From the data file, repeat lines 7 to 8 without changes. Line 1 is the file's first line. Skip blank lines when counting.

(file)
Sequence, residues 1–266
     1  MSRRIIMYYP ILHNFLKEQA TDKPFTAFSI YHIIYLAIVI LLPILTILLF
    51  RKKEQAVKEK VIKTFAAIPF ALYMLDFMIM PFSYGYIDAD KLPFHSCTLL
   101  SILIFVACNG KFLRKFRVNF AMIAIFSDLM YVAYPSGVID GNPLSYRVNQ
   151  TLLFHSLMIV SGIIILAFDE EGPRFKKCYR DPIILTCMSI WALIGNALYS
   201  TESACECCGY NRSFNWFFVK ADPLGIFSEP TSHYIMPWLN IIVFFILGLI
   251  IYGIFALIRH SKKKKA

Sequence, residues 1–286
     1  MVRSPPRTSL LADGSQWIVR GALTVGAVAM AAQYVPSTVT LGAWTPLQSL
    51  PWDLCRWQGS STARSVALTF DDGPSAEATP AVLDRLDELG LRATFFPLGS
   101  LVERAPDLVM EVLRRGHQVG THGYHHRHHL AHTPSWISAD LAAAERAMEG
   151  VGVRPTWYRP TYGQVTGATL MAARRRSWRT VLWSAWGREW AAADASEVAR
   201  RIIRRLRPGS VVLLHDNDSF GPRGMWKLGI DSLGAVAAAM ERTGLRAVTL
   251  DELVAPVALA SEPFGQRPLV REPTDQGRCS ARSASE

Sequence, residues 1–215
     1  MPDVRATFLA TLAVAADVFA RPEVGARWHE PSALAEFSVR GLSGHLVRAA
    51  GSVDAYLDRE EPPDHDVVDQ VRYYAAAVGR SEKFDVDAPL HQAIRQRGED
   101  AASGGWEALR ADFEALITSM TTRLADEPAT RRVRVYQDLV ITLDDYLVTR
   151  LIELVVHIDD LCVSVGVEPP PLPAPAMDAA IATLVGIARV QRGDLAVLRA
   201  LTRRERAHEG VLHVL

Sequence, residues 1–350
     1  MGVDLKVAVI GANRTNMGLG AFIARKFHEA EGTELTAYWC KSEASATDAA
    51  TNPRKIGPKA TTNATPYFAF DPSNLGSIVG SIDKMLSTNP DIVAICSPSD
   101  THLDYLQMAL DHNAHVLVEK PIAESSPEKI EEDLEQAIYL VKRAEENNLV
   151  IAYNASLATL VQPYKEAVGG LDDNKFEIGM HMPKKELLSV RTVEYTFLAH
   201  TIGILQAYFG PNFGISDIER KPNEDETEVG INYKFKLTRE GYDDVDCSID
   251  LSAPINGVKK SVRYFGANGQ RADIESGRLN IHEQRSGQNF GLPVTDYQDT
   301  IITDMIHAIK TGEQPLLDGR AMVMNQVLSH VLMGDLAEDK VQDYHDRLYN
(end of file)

   251  IYGIFALIRH SKKKKA

Sequence, residues 1–286